Friday, July 10, 2009

It’s My World, Welcome to It

Cathy Pegau, a.k.a. Queen of the Frozen North, is a blogger seeking a home for her romantic SF BAD GIRL.

MacGuyverOne of the best things about SF and SFR novels is the variety. Just look at the list of dozens of authors on the left of this blog. Each has created at least one world in which to set their unique stories and many have developed more than one. As a reader, this means I can find a book to fit whatever my mood and satisfy just about any SF itch. Ahhhh….so nice.

But as a writer? Oy. Creating enough of a fresh take on the genre to make agents or editors say “Ahhh….” is a challenge. Not an “I think I’ll take the stairs instead of the elevator” type of challenge, but an “I have a paper clip, chewing gum and a shoelace and I need to MacGyver my way out of a locked room before it implodes” type of challenge.

You’d think making up your own world would be easy. A writer is, after all, the mistress of her domain. Uh, no. Not completely. You can imagine all kinds of scenarios featuring alien life, distant planets, and technological advances, but you have to make it plausible. SF/SFR readers are a savvy bunch and will call you on content. Break one or two laws of physics without explanation and you will never hear the end of it. But if you adequately explain why it doesn’t work the same in your world? You are a genius! (For the record, I’m not. And I tend to like the laws of physics as they are. Very comforting, thank you.)

One of the things I had to consider when writing my SFR (aside from who would be involved in the R part, which is a whole ‘nother topic) was where on the technological scale I wanted my characters to live. There are hundreds and hundreds of books already on the shelves that take readers from the clockwork Victorian era of steampunk to the far-flung galaxies of space opera. Where did I want my story to land? How did I want my characters to be affected by whatever technology was available? What technology did I want to make available? Bigger question: How much technology did I feel comfortable explaining? Or not explaining?

The world I created, while 200+ years in the future on another planet, isn’t running amok with technology. There are devices that make information retrieval and transportation easier. Computer interfaces are everywhere but they don’t run every little thing. Vehicles are easier to control but, with the exception of public transport like subways, operated by humans. Folks still have face-to-face meetings as well as holo or virtual. There are no robots. Not everything is electronic. Credits are transferred as currency, but anonymous voucher-like chits are also popular, especially for the likes my main character, a thief who prefers to live below the radar.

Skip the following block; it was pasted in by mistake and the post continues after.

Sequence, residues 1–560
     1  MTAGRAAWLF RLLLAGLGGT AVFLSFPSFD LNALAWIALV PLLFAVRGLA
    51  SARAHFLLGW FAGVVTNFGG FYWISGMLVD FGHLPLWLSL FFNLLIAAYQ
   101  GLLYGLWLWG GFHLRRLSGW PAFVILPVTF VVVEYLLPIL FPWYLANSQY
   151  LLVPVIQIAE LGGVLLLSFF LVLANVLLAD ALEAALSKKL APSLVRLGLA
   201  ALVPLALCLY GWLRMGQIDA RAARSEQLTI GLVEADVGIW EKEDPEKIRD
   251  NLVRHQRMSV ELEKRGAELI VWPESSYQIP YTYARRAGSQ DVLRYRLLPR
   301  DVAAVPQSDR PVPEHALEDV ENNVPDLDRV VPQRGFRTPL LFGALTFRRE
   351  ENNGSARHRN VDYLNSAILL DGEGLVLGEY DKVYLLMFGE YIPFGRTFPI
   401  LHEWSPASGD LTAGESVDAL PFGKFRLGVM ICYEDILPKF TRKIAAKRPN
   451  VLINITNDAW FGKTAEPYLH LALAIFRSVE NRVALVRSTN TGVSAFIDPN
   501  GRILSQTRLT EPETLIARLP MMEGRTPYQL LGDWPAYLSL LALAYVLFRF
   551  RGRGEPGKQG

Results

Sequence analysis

Though a somewhat simple world, it still required a fair amount of research to bring it to life. The idea of the mining colony isn’t new, but I had to make it different. So I did some reading on mining and altered certain aspects to fit my world. And hardly scratched the surface of what I learned. I have notes on the subject I may never use, but I came up with an interjection-type phrase as well as a slur used by the characters based on mining terms. Research pops up in weird little ways sometimes.

I’ve heard authors discuss how they spent weeks or months pouring over websites and reading articles or books researching their novels. The best ones weave the information through to make those interesting bits part of the story and leave out the parts that make a reader’s eyes glaze. That’s the kind of SFR author I want to be.

FireflyWith all the available information, with all the ideas of wonders-to-be, why did I opt for the FIREFLY-esque tech level I did rather than something more shiny and advanced? Partly due to plot, partly due to characterization, partly due to my take on human use of technology. In My World, folks aren’t nearly as enamored with humanoid robots and such as some believe we will be, so there aren’t any. Present-day cars that can parallel park for you or put on the brakes when you are about to rear-end a semi may be pre-cursors to truly automatic automobiles but I decided people in My World weren’t ready to give up the personal driving experience. But that’s just me.

And that’s the beauty of speculative fiction. No matter what we’re in the mood for as readers, it can probably be found. As writers, it can be created. If you have a paper clip and some gum : )

So what kinds of worlds do you prefer to read about? To write about? Gleaming utopias? Dark dystopias? Do you want androids and aliens? Or are humans the only sentient species out there? Does the world matter as much as the characters who live there or do you give one more weight than the other when considering a book?

Thanks, Heather! I’ve enjoyed my ride on the Galaxy Express.